Comfort Zone: How Loeffler Randall Designer Jessie Randall Finds An Escape From The Busy City

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“I love being surrounded by interesting people doing interesting things. I don’t think I could live anywhere but Brooklyn.”

Click through to see how Jessie Randall transformed her Brooklyn house in to a home, plus shop some of her favorite picks!

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Jessie Randall’s Park Slope brownstone is less than five miles from downtown Manhattan. It’s a fact that bears mentioning, since stepping inside her home gives the distinct impression of having left the city far, far behind. “My life is really busy, so it was important to me that my house felt calm,” she explains. “I wanted it to be a place for my family where we can all just unwind.”

Busy is an understatement. In addition to overseeing a team of 20 at Loeffler Randall, the shoe and accessories line she launched in 2005, Randall is a mom to three boys under the age of eight. “My morning starts at 5:30, when my littlest wakes up,” she says. From there it’s breakfast, school drop-off and then a full day at the company’s showroom in Soho. “Coming home is like going to a retreat for me,” says Randall. “We’re especially lucky to be on a quiet street, which makes it even more relaxing.”

Although she couldn’t be happier now, it took a fair bit of convincing—and a total gut renovation—­to get Randall completely on board with the house. “I actually forbade my husband to put an offer on it,” she says. “But he went ahead and did it anyway.” Randall vividly describes how the space looked on their first viewing. “It was extremely dark, with carpeting in every room,” she says. And not just any carpeting. “It was two-inch-thick pile, and Pepto-Bismol pink! The whole thing was truly my nightmare.” Luckily, her husband, Brian—who is also her business partner at Loeffler Randall—had a vision. “He saw the potential,” says Randall. “I wanted something modern with old-­fashioned touches, and he knew that this was the place to make that happen.”

The result is the perfect marriage of old and new. Working with architects Richard Perry and Bennet Dunkley and interior designer Leilani Arita, Randall and her husband created a space at once restrained and inviting. Soft textiles in neutral shades of cream and gray contrast with graphic elements, like the geometric Bec Brittain chandelier that hangs in the living room. Randall wasn’t afraid to stick closely to her vision, even if it meant getting creative—and collaborative. “I looked and looked, but couldn’t find any wallpaper that I liked,” she says. “My youngest was a baby at the time, and I was dressing him in a lot of clothes from the brand Bobo Choses. I love their prints, so I thought it would be cool to reach out to them about translating one of their designs—a simple scallop-print rug—into a wallpaper pattern.” Bobo Choses was happy to oblige, and the paper was everything Randall had hoped for. “The print is clean yet impactful, which is something I strive for in my own designs,” she says.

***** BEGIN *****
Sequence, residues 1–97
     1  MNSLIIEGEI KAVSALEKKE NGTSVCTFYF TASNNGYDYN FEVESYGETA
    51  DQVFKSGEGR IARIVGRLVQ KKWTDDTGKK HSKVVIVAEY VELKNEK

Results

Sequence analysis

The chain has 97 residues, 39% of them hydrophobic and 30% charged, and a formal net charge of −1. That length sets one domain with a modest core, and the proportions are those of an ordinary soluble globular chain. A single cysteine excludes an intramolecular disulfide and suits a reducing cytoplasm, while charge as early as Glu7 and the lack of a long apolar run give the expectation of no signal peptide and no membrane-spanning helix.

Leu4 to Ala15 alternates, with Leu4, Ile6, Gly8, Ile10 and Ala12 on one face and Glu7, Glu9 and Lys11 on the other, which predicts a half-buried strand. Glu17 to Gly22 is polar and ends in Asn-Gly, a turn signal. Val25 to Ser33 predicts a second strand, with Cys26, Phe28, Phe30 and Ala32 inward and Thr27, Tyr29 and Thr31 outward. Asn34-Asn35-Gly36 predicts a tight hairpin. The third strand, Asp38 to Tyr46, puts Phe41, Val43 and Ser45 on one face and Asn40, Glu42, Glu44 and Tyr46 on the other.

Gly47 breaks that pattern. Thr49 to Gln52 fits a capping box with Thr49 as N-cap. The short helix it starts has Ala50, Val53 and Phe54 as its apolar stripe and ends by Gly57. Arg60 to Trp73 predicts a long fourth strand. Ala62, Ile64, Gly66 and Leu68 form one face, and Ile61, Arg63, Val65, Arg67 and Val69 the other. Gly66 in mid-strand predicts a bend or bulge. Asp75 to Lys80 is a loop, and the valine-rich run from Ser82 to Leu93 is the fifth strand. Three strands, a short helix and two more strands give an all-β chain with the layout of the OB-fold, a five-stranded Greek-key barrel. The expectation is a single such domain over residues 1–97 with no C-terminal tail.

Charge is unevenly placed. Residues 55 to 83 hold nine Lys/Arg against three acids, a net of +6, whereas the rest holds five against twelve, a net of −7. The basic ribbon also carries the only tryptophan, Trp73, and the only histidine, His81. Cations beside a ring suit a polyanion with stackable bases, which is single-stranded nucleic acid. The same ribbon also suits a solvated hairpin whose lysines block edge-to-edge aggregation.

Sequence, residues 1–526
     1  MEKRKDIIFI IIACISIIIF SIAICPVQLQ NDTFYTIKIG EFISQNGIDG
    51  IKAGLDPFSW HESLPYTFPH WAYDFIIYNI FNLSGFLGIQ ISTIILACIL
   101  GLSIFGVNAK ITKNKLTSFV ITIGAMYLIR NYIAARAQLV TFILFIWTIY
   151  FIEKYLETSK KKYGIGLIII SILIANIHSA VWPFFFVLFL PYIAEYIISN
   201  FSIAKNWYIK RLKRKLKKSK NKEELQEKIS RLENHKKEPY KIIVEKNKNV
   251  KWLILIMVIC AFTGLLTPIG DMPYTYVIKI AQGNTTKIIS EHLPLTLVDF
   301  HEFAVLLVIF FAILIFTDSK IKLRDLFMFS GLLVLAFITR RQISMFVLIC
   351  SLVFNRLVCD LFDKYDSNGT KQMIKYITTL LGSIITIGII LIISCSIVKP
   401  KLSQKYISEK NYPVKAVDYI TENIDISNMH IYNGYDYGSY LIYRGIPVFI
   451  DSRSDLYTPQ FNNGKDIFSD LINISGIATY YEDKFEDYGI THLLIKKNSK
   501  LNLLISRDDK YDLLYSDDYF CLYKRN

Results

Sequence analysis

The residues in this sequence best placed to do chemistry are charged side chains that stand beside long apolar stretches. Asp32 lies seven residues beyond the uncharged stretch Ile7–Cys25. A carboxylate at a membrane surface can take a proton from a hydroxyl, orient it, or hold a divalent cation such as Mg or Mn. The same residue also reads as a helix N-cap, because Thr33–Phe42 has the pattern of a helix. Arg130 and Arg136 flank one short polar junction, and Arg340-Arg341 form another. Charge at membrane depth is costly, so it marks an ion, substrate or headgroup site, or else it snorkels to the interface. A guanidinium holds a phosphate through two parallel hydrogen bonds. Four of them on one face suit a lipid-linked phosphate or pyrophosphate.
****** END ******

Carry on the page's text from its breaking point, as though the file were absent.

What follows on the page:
Not surprisingly, Randall also strives for comfort when it comes to her collection. “Our customers tend to be really creative, multidimensional girls,” she says. “They’re not interested in shoes with five-inch heels that you can only wear to get in and out of a car, so we’ll never make any.” What they will design are pieces you’ll wear for years to come. Mid-heel calf-hair pumps, two-tone leather flats and wedge boots are just a few of the line’s staples. And since adding handbags to the collection in 2012, the brand has become a sort of one-stop shop for anyone looking to add an easy, polished accent to any look.

With talk about a possible brick-and-mortar store down the road, Randall isn’t slowing down anytime soon. “When you run your own business, you’re thinking about it 24 hours a day,” she says. All the more reason she loves coming home to the oasis she’s created. “I can’t imagine living anywhere else.”

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